ROME – Back in the day, when St. John Paul II would meet with seminarians in the Eternal City each year, he would challenge them to imparare Roma. It’s a phrase that technically violates the rules of Italian grammar, but everyone knew what he meant: “Learn Rome!”
The idea was that Rome is like an encyclopedia of Catholic history in stone and cement, and if you just move around the city and pay attention, you’ll get an education in the Church that’s simply not available anywhere else on earth.
This year, in the dog days of summer when relatively little of news interest is happening in the Vatican, I’ve decided to take John Paul’s injunction to heart and get to know my own Roman neighborhood. My experience triumphantly confirms the late pontiff’s point, because I’ve learned things about the Church that I never knew despite more than two decades experience as an alleged vaticanista, or expert on the Vatican.
As a case in point, I recently became aware of a restaurant in my neighborhood I hadn’t yet tried, located off a side street. It’s only about 10 minutes away by foot, and to get there one has to descend a winding hilly street called the Via Monte del Gallo, then cross the Via Gregorio VII, head down the Via Cardinale Silj, and wind up on the Via del Cottolengo.
Let me briefly unpack the meaning of each of those names.
Monte del Gallo is actually the name of my neighborhood. You’d think it means “Rooster Hill,” but in this instance gallo means “Gaul,” as in, a Frenchman. It’s a reference to Charles III, Duke of Bourbon, who led the infamous 1527 Sack of Rome on behalf of the Holy Roman Empire and set up his camp here, thus the name: “The Gaul’s Hill.”
That battle, by the way, is remembered as the only time the Swiss Guard saw real combat. Some 189 Swiss Guards fought tenaciously against thousands of largely Spanish attackers, and, although only 42 survived, they managed to buy enough time for Pope Clement VII to escape to safety.
In the end, Charles of Bourbon himself was killed by a canon shot fired from the papal stronghold of Castel Sant’Angelo, which I like to think of as a cautionary tale: “Don’t mess with our ’hood.”
As for the Via Gregorio VII, it speaks for itself. It’s named for Pope Gregory VII, the great reforming pontiff of the 11th century who set an all-time precedent for the independence and sovereignty of the papacy in the Investiture Controversy with the Holy Roman Emperor Henry IV. Gregory also rigorously attacked simony, meaning the selling of Church offices for money, and defended clerical celibacy.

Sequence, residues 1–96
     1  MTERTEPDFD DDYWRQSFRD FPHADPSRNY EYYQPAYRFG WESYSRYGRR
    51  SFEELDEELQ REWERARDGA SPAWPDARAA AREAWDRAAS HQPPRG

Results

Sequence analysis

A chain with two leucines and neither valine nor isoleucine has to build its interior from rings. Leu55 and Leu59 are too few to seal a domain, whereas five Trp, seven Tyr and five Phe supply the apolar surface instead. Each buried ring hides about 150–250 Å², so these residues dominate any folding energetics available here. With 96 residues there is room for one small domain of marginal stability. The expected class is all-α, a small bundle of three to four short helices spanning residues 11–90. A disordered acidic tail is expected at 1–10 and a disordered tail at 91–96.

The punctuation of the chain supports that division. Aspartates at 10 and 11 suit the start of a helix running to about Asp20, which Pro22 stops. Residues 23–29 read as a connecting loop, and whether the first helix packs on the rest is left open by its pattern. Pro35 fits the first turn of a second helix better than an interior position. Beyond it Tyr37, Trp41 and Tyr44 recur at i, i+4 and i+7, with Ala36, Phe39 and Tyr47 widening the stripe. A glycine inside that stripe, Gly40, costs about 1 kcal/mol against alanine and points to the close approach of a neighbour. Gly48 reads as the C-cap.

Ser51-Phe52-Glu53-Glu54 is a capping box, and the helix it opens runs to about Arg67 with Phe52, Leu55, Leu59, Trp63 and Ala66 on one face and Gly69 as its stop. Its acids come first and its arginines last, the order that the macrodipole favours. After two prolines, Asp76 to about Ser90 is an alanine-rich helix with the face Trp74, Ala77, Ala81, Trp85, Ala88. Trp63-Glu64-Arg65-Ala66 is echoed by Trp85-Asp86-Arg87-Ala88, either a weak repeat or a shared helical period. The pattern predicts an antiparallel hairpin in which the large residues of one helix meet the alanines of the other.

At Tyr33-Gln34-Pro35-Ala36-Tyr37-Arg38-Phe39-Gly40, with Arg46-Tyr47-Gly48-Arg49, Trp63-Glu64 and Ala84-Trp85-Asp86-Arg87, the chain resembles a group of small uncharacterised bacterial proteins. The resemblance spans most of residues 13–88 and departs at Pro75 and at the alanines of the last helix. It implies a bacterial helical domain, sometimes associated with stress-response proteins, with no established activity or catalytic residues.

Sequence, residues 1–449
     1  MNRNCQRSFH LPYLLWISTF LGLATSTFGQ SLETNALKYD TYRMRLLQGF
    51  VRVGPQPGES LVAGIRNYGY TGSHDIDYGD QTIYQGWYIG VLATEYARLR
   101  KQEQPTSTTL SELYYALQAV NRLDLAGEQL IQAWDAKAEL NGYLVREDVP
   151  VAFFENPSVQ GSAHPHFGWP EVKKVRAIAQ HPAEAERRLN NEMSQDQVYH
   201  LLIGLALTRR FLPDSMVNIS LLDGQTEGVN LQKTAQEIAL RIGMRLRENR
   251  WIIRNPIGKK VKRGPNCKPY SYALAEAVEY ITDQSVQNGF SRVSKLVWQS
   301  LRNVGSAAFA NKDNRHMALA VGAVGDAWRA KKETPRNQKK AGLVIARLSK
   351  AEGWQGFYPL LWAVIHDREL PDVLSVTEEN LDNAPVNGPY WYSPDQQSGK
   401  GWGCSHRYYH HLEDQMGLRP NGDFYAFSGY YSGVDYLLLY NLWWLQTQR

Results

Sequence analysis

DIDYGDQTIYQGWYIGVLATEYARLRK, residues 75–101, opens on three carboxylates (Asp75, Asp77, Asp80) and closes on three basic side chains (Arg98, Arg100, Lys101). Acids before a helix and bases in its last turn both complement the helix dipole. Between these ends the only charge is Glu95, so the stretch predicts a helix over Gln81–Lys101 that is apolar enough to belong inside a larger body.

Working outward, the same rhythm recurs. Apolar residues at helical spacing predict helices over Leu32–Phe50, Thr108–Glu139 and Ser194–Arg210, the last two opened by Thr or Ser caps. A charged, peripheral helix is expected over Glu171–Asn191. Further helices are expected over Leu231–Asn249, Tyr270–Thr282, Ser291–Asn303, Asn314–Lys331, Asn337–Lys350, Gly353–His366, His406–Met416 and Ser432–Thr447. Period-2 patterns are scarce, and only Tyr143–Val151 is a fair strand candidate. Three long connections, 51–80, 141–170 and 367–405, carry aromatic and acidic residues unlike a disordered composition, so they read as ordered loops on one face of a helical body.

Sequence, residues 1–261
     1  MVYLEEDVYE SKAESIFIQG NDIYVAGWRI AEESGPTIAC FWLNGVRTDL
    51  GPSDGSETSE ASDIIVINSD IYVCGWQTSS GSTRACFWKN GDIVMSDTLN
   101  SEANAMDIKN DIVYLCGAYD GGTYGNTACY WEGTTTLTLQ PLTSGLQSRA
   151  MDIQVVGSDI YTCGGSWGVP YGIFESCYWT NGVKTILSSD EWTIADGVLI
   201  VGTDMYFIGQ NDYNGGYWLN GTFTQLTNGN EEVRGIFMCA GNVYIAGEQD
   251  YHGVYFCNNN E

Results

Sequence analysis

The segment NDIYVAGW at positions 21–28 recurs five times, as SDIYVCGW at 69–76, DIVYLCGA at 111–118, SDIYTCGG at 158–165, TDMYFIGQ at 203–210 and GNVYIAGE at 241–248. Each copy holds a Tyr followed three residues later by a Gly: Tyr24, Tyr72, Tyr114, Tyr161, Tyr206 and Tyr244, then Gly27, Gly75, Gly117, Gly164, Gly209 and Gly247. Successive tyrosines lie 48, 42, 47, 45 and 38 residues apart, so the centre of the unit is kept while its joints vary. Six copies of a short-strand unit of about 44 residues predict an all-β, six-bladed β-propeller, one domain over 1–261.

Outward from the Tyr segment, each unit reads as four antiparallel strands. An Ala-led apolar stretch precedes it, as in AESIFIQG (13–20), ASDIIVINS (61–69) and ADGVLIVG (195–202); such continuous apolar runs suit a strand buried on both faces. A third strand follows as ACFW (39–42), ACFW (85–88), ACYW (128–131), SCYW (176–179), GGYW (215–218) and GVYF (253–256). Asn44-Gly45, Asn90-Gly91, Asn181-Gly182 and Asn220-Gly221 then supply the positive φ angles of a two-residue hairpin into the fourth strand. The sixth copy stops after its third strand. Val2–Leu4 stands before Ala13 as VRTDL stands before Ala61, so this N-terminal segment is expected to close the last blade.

(I cannot help noting the irony that in October during the Synod for the Amazon, several of the prelates likely to make a push for the viri probati, meaning the ordination of tested married men, will likely be sleeping and dining on a street named for one of the greatest champions of clerical celibacy in all of Church history.)
The Via Cardinale Silj is named for Cardinal Augusto Silj, who was the Prefect of the Apostolic Signatura, the Vatican tribunal that deals with matters of the internal forum (meaning requests for grace that can’t be handled in a normal judicial process) from 1920 until his death in 1926. Silj was the cousin of Cardinal Pietro Gasparri, the Vatican Secretary of State who negotiated the Lateran Pacts with Mussolini effectively marking the end of the “Roman Question” and the papacy’s belated acceptance of church/state separation.
Finally, the Via del Cottolengo is named for a church found there dedicated to St. Giuseppe Cottolengo, a 19th century Italian priest who was born and grew up in the shadow of the industrial city of Turin and went on to found a number of social works devoted to the care of people with extreme disabilities who couldn’t find help anywhere else, caught between the deficiencies of the state and the gaps in the social safety net bred by a new capitalist economy.
He founded the Piccola casa della Divina Provvidenza, the “little house of divine providence,” in northern Italy, which quickly became known as the “cottolengo” for his surname. To this day, facilities for the physically and mentally disabled in Italy are generally referred to as “cottolengos.”
To sum up, just paying attention to street names in my Roman neighborhood along a 10-minute walk to a restaurant captures four different moments in what might be thought of as the Church’s relationship with the secular world: the Medieval debate over investiture, the Renaissance conflict between the papacy and secular authorities that led to the Sack of Rome, the Lateran Pacts and the development of modern Catholic social teaching and action.
Take the same approach and apply it virtually anywhere in this town, and the results will be similarly edifying. That’s what John Paul II meant by imparare Roma, and the lesson has lost none of its punch.